^HEALTH-HEARTDISEASE-WOMEN:MYO—<All women face the threat of heart disease, which is the No. 1 killer of Americans, according to the Centers for Disease Control and Prevention. Mayo Clinic cardiologist Dr. Amy Pollak, a Mayo Clinic cardiologist, says there are many important things women should know about heart disease.
200 From Mayo Clinic News Network. MOVED
^Mayo Clinic Q and A: pertussis most contagious during early stages of illness<
^HEALTH-PERTUSSIS:MYO—<DEAR MAYO CLINIC: Why is my health care provider recommending that I get the Tdap vaccine now to prevent whooping cough, even though I am in my late 70s? Doesn't whooping cough usually affect young children?
850 From Mayo Clinic News Network. MOVED
^Lori Borgman: When appliances are all washed up<
^FAM-BORGMAN-COLUMN:MCT—<We need a new washing machine, but one does not simply dash out and buy a new machine these days, one first does research.
I know this because I tried dashing out and buying one without doing my research. The clerk asked how big, how powerful, how many cycles and how much I wanted to spend. All I could really tell her was my price range. She led me to a small portable machine on wheels that might hold two dishtowels.
Who knew prices had gone up since we last bought one 20 years ago? It's a new form of money laundering.
500 by Lori Borgman. MOVED
^Living with Children: More big mistakes parents make<
^FAM-PARENTS:MCT—<In many parent-child situations, there is no adult in the room!
700 by John Rosemond. MOVED
^Barton Goldsmith: Letting go of a friend<
^RELATE-RELATIONSHIPS:MCT—<Friends and lovers who have entered our hearts can stay there forever, no matter what they have done. The heart tends to only remember the good, the mind remembers the bad, and the two together can create many a sleepless night for even the strongest-willed human being.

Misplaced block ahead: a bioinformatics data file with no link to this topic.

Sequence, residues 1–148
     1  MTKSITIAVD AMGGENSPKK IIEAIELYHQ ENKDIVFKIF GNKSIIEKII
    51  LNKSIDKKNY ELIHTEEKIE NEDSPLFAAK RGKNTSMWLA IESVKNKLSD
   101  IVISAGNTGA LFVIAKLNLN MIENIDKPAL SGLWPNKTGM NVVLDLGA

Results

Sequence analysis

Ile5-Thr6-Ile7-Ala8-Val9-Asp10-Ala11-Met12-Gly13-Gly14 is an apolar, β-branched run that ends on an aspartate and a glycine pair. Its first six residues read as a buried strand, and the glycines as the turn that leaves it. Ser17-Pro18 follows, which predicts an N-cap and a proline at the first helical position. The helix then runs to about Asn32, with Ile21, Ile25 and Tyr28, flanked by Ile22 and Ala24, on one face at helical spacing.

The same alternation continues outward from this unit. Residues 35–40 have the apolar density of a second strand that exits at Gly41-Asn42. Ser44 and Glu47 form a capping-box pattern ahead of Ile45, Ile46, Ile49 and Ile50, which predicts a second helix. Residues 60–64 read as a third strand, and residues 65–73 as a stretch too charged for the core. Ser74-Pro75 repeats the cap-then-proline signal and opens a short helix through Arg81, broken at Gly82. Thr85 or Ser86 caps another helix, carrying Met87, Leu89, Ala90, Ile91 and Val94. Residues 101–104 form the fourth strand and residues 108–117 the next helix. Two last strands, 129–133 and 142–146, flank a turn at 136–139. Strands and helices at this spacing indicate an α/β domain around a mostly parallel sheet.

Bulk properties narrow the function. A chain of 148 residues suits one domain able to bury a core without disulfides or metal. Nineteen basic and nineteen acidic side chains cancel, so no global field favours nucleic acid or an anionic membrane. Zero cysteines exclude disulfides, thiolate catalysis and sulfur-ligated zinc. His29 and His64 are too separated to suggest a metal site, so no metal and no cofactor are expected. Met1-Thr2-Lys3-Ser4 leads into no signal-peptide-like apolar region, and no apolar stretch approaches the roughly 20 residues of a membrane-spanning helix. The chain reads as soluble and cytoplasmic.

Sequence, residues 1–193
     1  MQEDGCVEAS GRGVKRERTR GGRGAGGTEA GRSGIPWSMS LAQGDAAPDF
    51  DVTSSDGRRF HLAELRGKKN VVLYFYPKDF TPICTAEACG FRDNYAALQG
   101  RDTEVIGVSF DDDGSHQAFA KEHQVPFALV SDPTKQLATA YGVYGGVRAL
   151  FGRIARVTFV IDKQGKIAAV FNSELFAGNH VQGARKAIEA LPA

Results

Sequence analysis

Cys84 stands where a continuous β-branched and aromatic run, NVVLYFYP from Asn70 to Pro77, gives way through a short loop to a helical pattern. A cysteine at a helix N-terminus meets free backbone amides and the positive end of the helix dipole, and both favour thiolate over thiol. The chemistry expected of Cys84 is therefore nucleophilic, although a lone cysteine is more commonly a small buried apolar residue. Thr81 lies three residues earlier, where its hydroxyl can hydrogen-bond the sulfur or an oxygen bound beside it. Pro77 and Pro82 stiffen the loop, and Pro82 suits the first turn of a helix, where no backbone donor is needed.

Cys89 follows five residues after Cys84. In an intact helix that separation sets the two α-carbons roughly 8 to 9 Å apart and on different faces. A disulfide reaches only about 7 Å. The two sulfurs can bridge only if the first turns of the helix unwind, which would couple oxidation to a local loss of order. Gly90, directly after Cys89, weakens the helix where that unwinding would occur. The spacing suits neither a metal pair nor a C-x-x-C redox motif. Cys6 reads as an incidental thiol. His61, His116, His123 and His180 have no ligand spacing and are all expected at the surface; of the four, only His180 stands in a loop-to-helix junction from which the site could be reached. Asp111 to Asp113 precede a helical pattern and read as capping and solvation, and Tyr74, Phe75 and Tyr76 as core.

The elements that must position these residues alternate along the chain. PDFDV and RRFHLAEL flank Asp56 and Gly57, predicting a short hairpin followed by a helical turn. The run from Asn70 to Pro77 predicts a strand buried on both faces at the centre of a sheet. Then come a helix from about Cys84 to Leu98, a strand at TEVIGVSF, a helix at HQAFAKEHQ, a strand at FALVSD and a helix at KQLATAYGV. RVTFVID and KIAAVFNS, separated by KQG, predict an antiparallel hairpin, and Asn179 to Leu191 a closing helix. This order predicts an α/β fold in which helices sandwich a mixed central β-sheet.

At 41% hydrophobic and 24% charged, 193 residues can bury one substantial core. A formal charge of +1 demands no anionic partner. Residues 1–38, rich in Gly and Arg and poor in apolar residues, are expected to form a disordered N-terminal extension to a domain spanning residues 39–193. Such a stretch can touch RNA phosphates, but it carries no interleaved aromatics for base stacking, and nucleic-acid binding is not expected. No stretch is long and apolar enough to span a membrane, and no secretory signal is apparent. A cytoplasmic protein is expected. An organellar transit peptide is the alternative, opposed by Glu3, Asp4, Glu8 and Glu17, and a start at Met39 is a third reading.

650 by Barton Goldsmith. MOVED
^Quinn on Nutrition: Treats for your sweet<
^NTR-HEALTH-ONNUTRITION:MN—<February brings us to Valentine's Day. And it's also American Heart Month. Quick, it's time to give something special to someone you love this week. And surprise, some of our favorite Valentine treats can also be good to our hearts.
500 by Barbara Quinn. MOVED
^Steve Lopez: About to become teachers, they're passionate, idealistic and wondering how they'll pay the rent<
LOPEZ-COLUMN:LA — "So what we're going to do now is label our triangles," student teacher Keiri Ramirez told her class at Northridge Academy High School in Los Angeles. "A prime, B prime and C prime."
Ramirez, inspired by her middle-school teacher in Huntington Park, is about to graduate from Cal State Northridge and become a teacher in the Los Angeles Unified School District, where the starting salary is about $53,000. She's a natural in class, with a big easy smile and lots of encouraging words as she leads 23 students through a drill on triangle dilation.
But Ramirez, 23, knows what lies ahead in a region where housing costs have soared while wages for teachers have been pretty flat.
1450 by Steve Lopez in Los Angeles. MOVED
^Ex-etiquette: A Valentine from beyond the grave<
^FAM-EXETIQUETTE:MCT—<Q. This sounds like a movie script, but my wife of three years has received a Valentine from her deceased husband every year since we have been married. I guess he set it up with a service or something before he died, but, like clockwork on, or the day before, my wife receives a Valentine's Day card proclaiming her deceased husband's undying love. Sounds pretty ironic, doesn't it? I want it to stop! But, how? What's good ex-etiquette?
600 by Jann Blackstone. MOVED
^ANA VECIANA SUAREZ<
^Ana Veciana-Suarez: Finding sanctuary in the library<
^FAM-VECIANA-SUAREZ-COLUMN:MCT—<In times of turmoil, the library is my sanctuary
The coronavirus threatens, the Democratic Party is in turmoil, and President Trump's impeachment and its aftermath underscore the profound divisions in our country, but — and I think this is a big exception to the barrage of depressing news — Americans love their libraries. Love them enough, in fact, to make them the most common cultural activity in the U.S.
750 by Ana Veciana-Suarez. MOVED